When I had a child, I got serious about braiding with more than three strands. My kid likes math, so I used to try to braid a number of strands they would find significant. We started taking photographs of the bread to post on the internet because my child didn’t want to eat them if there was no way to share how pretty they looked.
I could just buy loaves of nice bread instead of baking Ashkenazi-style braided loaves. I have done that. My kid is in college. I don’t eat tons of bread during the week. Slices of challah fill my freezer. Why do I keep baking?
On days when I feel a little blue, it’s hard to say. It’s difficult to want to bake when I can’t have guests or potlucks. I got super excited that we were going to be able to have guests in the month or so after vaccinations were available to everyone, and then we got slammed with the viral variants. It felt even worse after that.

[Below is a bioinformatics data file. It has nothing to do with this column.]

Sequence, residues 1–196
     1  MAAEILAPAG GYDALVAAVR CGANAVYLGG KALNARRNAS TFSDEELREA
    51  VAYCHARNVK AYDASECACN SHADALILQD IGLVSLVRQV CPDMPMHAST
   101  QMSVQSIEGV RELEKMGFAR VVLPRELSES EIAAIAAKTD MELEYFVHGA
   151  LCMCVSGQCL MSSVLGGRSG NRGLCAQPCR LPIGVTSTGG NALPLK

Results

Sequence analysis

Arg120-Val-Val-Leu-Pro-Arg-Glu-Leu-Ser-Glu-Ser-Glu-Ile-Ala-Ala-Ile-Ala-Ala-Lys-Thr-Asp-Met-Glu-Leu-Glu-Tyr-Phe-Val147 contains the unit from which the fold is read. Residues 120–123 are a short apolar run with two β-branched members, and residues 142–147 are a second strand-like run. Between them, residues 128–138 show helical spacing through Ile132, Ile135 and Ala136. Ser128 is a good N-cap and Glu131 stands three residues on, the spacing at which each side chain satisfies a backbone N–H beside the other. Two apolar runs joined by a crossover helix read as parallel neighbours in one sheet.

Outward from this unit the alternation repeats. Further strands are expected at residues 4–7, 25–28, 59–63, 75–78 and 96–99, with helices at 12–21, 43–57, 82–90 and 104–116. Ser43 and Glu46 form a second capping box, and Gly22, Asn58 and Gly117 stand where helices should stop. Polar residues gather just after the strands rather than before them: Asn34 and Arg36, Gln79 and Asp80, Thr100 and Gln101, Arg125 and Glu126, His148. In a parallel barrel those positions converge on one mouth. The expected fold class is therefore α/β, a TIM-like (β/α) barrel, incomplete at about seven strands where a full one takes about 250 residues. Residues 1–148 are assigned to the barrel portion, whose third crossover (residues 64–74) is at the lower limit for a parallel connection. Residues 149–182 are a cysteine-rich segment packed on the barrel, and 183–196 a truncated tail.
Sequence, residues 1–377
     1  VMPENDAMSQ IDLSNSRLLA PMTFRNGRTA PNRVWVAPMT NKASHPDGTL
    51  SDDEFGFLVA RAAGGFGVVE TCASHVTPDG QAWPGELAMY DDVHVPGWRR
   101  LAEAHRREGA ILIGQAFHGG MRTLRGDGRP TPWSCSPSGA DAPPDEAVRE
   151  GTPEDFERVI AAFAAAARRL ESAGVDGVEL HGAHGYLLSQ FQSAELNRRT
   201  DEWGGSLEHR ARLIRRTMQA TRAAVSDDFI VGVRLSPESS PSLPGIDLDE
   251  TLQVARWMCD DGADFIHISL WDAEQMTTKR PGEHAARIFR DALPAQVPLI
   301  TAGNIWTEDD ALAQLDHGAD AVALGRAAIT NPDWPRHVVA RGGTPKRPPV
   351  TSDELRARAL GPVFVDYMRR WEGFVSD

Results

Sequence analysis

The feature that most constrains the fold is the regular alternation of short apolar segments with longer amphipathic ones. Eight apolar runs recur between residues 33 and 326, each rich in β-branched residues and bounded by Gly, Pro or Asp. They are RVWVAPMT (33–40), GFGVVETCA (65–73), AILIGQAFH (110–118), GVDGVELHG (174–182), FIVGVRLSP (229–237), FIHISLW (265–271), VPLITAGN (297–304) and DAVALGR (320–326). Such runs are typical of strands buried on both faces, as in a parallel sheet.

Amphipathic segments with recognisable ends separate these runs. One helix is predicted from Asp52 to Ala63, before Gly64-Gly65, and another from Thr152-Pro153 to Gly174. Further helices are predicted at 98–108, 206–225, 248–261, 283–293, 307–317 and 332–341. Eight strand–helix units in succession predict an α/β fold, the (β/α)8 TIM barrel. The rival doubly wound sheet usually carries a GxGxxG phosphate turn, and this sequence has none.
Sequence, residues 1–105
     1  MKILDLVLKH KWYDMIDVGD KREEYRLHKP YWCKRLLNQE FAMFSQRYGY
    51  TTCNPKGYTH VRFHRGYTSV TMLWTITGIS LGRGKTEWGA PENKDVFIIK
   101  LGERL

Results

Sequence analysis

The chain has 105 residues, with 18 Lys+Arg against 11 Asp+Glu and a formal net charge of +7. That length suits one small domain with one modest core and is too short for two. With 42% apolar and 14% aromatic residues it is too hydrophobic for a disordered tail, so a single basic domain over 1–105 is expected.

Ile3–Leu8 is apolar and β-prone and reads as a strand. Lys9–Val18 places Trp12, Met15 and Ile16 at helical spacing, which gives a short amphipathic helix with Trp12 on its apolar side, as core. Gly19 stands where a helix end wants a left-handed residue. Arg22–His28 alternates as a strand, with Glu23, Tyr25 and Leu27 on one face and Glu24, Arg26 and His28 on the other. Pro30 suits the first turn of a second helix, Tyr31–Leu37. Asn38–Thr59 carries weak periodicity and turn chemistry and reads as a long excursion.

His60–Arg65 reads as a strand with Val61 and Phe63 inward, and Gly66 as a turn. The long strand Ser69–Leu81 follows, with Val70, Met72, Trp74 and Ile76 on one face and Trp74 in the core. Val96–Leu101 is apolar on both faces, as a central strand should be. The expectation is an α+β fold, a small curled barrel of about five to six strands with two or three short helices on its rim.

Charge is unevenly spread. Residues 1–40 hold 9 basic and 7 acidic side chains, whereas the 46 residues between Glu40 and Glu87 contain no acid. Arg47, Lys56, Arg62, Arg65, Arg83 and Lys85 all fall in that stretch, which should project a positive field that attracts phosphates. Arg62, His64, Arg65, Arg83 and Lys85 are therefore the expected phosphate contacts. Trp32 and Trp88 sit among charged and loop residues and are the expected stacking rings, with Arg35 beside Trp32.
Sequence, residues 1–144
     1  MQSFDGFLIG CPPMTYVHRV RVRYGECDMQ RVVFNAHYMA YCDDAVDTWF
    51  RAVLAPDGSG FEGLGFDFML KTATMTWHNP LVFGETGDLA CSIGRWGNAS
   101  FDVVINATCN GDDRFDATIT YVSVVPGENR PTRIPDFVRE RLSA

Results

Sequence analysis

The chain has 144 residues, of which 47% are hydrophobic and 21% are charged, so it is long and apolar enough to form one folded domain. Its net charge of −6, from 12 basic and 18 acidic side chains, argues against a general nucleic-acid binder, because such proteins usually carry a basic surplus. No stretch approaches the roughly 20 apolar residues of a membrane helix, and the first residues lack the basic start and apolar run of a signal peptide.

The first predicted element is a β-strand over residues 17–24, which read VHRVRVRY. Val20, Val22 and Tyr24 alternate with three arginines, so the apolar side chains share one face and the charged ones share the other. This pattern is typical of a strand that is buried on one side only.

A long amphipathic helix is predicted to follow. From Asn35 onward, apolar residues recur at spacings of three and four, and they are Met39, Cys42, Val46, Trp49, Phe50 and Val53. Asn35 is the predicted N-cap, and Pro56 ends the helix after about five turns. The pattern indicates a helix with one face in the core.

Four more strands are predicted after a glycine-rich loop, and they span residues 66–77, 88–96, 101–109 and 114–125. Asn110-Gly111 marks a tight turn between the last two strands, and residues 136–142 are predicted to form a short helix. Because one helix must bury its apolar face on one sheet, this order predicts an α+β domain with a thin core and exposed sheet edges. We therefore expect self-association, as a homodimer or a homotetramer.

For me, Judaism means doing the same things all the time, as well as I can. Sometimes my voice is too rough for singing or I’m too tired for Talmud or Torah study. I want to do my best and pay attention, but I sometimes have to do the action whether I am ready to do my best or not. Even if I’m the only one who will eat the bread, I try to bake it anyway.
As with prayer or study or any other part of Jewish religious life, baking challah involves repetition. You get to know the ingredients and the finer points of the process. This obviously applies also to Torah study, to prayer, to everything we do. There is always something new to notice, something important to do, something essential to contribute. I do the same things all the time, but I am never the same and the conditions are never the same. Every mitzvah is a fractal, through which we see ourselves very large and very small, again and again, shaping Jewish life.